As with all federal positions, once you're past your probationary period (14 months), you're very secure and it's very hard to be fired. Although obviously the head of the office changes with the administration, I haven't heard of any kind of wholesale cleaning-of-house when that happens (some people might choose to leave under a new USA and a new USA might well change hiring for future positions, but can't really just kick people out who already there).

I think most people I've seen get hired into civil have something like 3-7 years of experience (they're going to want some experience, although too much may make you a bit expensive).

There are usually far fewer civil attorneys than criminal - my previous district had about 65 criminal attorneys and 6 civil. That will depend some on the district. I wouldn't say they're underfunded in the context of the federal government, and I don't think cost is going to prevent you from doing what you need to do, but for biglaw refugees the resources/support may feel a bit thin compared to what you're used to.

(Also I used to be in a border district and civil AUSAs aren't really involved in any of the border stuff. Their caseload isn't really going to vary much based on that. Like I suppose if more people are suing Border Patrol, maybe, but I don't think that USAOs actually handle that.)
This is helpful, thank you. I feel so much anxiety surrounding a move that result in a drastic pay cut and possibly not much of an improvement in the work/life balance department. If I'm going to make less money, I want it to be "worth it." Ya know? We are a single income household and taking the pay cut would drastically change our quality of life but I'd be willing to do that if I knew that I'd be gaining other benefits (e.g. my time).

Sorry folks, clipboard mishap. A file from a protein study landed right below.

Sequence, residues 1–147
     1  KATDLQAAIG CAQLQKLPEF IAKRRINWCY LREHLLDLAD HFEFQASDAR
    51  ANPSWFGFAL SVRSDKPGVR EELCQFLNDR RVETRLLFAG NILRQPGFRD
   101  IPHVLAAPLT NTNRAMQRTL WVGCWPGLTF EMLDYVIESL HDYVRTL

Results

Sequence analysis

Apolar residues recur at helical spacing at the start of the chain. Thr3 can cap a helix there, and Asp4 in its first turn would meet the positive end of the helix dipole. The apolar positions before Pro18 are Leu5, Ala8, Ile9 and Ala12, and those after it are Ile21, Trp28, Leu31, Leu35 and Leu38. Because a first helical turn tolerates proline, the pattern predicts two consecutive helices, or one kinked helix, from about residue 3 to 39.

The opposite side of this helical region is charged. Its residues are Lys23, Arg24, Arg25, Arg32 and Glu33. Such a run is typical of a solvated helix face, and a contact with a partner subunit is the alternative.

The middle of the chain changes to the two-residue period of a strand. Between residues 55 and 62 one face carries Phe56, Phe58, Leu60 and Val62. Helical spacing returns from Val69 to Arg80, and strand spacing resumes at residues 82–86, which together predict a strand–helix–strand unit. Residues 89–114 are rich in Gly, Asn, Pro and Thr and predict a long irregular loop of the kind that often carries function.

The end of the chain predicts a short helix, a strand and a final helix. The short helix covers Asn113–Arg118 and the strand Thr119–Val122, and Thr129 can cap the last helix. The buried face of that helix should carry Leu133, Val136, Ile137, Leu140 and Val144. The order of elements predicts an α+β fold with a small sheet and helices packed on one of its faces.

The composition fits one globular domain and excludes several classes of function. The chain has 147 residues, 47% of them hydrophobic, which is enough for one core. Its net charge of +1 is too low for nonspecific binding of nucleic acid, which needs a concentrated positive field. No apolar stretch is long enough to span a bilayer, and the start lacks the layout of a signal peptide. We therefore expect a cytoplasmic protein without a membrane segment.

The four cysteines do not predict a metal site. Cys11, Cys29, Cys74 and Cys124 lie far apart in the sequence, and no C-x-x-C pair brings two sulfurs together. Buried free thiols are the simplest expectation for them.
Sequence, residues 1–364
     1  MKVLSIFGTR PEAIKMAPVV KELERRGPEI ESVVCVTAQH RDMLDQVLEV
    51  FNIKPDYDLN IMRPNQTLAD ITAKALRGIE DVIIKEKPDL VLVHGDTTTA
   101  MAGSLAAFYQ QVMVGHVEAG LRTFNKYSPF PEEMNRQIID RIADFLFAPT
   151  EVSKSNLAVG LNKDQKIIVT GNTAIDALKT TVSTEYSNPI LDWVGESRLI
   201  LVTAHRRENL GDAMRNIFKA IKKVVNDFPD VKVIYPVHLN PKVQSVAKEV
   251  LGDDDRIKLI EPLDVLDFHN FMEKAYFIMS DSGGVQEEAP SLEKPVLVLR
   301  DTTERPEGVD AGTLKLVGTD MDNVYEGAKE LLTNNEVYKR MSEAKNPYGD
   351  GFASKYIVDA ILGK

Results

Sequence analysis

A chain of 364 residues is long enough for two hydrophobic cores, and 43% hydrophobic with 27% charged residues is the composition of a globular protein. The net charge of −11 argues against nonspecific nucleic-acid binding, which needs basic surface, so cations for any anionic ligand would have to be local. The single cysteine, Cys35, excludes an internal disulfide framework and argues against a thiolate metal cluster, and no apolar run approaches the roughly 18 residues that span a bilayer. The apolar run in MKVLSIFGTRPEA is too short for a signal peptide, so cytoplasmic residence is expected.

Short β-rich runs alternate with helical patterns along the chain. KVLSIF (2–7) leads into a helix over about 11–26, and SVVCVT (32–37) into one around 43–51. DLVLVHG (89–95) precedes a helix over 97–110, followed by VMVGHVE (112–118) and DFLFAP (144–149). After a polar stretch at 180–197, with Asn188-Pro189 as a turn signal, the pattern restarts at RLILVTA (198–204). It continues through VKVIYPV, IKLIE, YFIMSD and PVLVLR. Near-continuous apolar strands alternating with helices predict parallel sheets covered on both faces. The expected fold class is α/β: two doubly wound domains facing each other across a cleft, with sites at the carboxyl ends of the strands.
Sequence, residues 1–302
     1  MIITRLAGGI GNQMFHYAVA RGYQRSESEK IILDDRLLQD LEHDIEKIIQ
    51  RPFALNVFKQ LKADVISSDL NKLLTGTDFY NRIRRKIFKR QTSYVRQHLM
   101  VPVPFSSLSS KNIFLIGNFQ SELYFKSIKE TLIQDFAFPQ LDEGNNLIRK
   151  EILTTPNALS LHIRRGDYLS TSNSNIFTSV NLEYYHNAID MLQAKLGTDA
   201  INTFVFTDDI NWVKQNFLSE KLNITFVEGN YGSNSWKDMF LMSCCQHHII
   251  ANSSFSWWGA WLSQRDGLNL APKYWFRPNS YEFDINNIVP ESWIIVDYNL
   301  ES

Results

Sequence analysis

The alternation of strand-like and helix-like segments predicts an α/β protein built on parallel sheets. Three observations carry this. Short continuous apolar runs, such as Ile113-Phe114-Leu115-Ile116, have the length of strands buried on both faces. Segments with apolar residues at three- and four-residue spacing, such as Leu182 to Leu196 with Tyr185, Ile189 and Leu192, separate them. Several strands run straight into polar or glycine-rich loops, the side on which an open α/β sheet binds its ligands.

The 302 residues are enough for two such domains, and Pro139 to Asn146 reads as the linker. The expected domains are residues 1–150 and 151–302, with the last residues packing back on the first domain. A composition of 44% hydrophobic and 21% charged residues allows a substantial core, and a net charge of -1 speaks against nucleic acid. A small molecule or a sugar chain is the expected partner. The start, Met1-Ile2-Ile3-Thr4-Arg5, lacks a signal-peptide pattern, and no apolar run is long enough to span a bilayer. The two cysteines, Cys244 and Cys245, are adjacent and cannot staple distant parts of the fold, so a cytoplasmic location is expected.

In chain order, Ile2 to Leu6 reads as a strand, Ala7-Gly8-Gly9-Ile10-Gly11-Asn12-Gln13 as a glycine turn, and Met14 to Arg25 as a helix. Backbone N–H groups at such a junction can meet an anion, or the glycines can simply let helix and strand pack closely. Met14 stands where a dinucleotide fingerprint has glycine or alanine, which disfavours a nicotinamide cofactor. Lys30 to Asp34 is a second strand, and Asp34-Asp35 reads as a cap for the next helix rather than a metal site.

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Re: Life of an AUSA in the Civil Division

Post by mhylden » Sat Sep 08, 2018 8:56 pm

How many apply to these jobs? OP seems confident he/she can just sign up and transfer. Is that the case? I’ve always heard Ausa spots were quite difficult to land.
Last edited by QContinuum on Tue Oct 23, 2018 4:32 pm, edited 1 time in total.
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Re: Life of an AUSA in the Civil Division

Post by Anonymous User » Sat Sep 08, 2018 9:29 pm

I've been considering the civil division too. Does civil carry the same weight as criminal wrt biglaw hiring after a few years of serving?

worklifewhat

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Re: Life of an AUSA in the Civil Division

Post by worklifewhat » Sat Sep 08, 2018 11:48 pm

Anonymous User wrote:How many apply to these jobs? OP seems confident he/she can just sign up and transfer. Is that the case? I’ve always heard Ausa spots were quite difficult to land.
I think you're reading into something that isn't there. The OP sounds like most people sound when contemplating a move from X to Y. I'd imagine that it's just a hypothetical intended to feel out whether an AUSA job is worth pursuing at all.
Last edited by QContinuum on Tue Oct 23, 2018 4:32 pm, edited 1 time in total.
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Re: Life of an AUSA in the Civil Division

Post by Anonymous User » Sun Sep 09, 2018 10:41 am

Anonymous User wrote:I've been considering the civil division too. Does civil carry the same weight as criminal wrt biglaw hiring after a few years of serving?